Expert Advice on Hospitality Topics


Posted by Nick Kaoukis on Mon, Apr, 11, 2011 @ 14:04 PM

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“There Is a World of Difference Between ‘Running’ a Bar and ‘Managing’ a Bar.”

Part 1:

Many people get into the bar business thinking they are going to be great owners/ managers and will naturally be good at this line of work.

Unfortunately, in many cases, their egos will prevent this from happening. If only these people would just set their egos aside
and say, “I’m obviously a very talented individual. I could become good at owning or managing a bar, but I have to be willing to learn. I have to be willing to open my mind to the possibility that I’m wrong and to listen to other people—especially the qualified professionals.” To paraphrase from an article written by professional poker player Annie Duke, in USA Today: Commenting on why CEO’s make lousy poker players, she says, “Their egos get in the way.”

Well, most owners/managers of bars make lousy operators (and poker players) for the same reason. This is a tough realization for someone to accept, particularly someone who has risen to the top in another profession. “Don’t tell me what to do! After all, I’ve been in business for 27 years!” or, “Running a bar is not rocket science—anyone can do it!” or, “Hey, I own this joint! Who are you?!”

Well, I’m here to tell you that there is a world of difference between “running a bar” and “managing a bar.” Anyone can own or run a bar, but very few can correctly operate and manage one. Don’t kid yourself—you don’t just walk in, take over, and start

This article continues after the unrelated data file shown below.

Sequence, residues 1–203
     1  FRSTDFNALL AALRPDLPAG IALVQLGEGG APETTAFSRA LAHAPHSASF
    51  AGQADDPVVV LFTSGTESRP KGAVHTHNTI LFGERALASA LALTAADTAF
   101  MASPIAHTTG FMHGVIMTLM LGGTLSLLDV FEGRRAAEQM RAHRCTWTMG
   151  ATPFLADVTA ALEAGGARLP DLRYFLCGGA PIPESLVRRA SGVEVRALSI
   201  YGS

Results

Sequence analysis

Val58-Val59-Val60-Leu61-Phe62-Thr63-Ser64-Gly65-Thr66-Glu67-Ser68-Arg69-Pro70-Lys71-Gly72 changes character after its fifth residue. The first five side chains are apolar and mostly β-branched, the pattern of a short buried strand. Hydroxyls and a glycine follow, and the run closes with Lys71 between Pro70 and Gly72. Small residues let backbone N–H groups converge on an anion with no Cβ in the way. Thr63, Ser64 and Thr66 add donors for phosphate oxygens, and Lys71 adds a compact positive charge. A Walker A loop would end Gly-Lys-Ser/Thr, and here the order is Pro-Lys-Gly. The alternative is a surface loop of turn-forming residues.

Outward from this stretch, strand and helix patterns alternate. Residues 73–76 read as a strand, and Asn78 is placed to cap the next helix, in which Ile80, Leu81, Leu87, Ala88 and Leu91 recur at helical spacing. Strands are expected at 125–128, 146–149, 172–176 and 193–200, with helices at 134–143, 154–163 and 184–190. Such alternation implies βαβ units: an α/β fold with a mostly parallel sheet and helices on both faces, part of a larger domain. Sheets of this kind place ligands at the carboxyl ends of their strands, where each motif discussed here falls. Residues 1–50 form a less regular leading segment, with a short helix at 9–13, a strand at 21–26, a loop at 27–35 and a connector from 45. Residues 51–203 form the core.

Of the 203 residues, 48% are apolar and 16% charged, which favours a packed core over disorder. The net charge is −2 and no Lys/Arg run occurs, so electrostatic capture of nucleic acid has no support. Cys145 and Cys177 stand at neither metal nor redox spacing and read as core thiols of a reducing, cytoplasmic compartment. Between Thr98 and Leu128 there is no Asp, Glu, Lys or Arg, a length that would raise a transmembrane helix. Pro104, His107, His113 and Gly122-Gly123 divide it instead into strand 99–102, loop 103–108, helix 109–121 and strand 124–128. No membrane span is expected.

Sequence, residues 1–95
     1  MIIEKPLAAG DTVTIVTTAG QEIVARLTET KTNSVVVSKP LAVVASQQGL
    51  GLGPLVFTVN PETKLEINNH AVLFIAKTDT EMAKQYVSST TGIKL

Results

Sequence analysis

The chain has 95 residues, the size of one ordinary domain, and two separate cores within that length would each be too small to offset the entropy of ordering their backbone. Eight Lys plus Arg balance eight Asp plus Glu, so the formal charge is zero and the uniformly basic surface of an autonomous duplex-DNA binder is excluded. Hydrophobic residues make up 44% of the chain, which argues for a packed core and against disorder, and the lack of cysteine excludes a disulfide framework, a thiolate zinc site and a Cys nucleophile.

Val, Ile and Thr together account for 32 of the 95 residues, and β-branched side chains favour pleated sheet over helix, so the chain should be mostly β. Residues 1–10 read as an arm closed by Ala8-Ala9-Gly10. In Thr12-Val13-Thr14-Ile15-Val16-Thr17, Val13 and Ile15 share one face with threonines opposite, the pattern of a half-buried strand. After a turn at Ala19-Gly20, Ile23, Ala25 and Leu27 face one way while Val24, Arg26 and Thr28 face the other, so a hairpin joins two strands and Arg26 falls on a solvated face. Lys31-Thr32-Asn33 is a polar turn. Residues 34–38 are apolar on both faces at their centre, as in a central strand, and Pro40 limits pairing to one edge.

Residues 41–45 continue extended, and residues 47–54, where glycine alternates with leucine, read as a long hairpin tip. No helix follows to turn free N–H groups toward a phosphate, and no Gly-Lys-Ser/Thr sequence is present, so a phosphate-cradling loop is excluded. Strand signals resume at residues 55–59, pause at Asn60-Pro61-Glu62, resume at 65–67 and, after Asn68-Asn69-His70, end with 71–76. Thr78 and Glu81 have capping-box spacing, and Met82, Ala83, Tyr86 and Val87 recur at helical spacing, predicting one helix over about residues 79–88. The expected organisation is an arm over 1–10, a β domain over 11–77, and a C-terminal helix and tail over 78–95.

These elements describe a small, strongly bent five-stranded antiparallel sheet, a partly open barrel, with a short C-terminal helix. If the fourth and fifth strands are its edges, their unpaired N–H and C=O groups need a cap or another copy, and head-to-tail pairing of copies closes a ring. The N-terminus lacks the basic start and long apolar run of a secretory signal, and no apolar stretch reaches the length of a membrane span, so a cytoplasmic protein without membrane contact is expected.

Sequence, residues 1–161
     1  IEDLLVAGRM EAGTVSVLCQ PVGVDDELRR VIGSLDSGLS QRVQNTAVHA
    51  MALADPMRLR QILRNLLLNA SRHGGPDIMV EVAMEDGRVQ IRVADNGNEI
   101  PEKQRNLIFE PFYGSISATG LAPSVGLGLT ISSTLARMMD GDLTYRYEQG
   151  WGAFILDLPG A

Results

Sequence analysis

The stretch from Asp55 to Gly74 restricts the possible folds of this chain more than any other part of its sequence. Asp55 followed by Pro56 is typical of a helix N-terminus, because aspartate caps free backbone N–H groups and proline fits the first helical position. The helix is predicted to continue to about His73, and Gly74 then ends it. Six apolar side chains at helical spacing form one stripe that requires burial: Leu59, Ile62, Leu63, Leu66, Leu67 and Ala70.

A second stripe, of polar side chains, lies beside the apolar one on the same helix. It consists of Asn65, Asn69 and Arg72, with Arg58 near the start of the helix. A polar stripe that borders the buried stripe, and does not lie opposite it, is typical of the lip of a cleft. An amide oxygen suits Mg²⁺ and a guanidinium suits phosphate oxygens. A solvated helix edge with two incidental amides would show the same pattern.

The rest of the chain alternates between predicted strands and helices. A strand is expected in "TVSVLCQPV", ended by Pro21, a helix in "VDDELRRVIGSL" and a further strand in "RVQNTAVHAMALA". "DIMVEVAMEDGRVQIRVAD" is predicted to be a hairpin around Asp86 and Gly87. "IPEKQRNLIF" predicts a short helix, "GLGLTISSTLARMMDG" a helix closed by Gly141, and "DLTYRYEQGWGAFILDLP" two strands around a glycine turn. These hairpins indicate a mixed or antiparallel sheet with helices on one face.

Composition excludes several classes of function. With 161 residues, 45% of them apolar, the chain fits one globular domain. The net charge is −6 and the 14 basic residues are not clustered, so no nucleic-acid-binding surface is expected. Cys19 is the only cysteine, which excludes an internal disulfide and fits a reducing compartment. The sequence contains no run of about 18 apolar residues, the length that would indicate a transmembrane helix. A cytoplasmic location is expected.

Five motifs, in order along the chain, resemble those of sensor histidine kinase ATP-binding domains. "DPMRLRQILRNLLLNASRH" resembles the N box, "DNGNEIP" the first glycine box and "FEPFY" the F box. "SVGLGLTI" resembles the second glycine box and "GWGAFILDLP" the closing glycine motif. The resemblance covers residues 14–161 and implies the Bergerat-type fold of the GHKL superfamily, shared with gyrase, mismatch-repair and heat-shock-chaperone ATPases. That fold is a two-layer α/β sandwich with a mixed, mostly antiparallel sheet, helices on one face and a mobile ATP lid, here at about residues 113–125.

telling staff what to do. You have to know what you’re talking about. Just because you may have been successful in another business does not mean you will be successful in the bar business.

If you think owning or managing a bar is easy, continue reading. Bar management skills are learned, not inherited. I think you’ll eventually come to the profound realization that you really have to know what you’re doing. Making too many mistakes because you don’t know what you’re doing could possibly put you in jail, out of a job, and out of a lot of money.

Before anyone decides to buy a bar or take a step up to management, I suggest you put your ego aside and read the following pages about what it takes to be successful in the bar business. Trust me—this is a difficult business, and it’s not for everyone. 

Bar manager is a skill position that requires years of careful
observation, studying, experience, and know-how; yet, its importance has long been underestimated by owners in the hospitality industry. Even hospitality management schools place little importance on the subject of bar management, often making it an elective rather than a requirement for students graduating with what is considered food and beverage proficiency. Their definition of proficiency typically centers on knowledge of wine—which is nice, but has little to do with a nightclub or bar.

Before a head bartender or an entry-level manager accepts the job of bar manager, they should have a complete understanding of what the job entails. And, yes, bar managers should be former
bartenders. An in-depth knowledge of professional bartending is the starting point from which one learns bar management. It’s hard to be a truly effective bar manager unless you have a complete understanding of how to tend bar. “The gift of gab,
the casualness, and the caring, friendly service a bar manager gives to his customers comes from a bartending background,” says Bob Schwenker, former General Manager of Hooligan’s Pub in Miami, Florida. “A good bar manager has the ability to
make people feel comfortable. You shouldn’t make
the progression to bar manager without being a
bartender first.”

Topics: bar business, Bar Management, hospitality jobs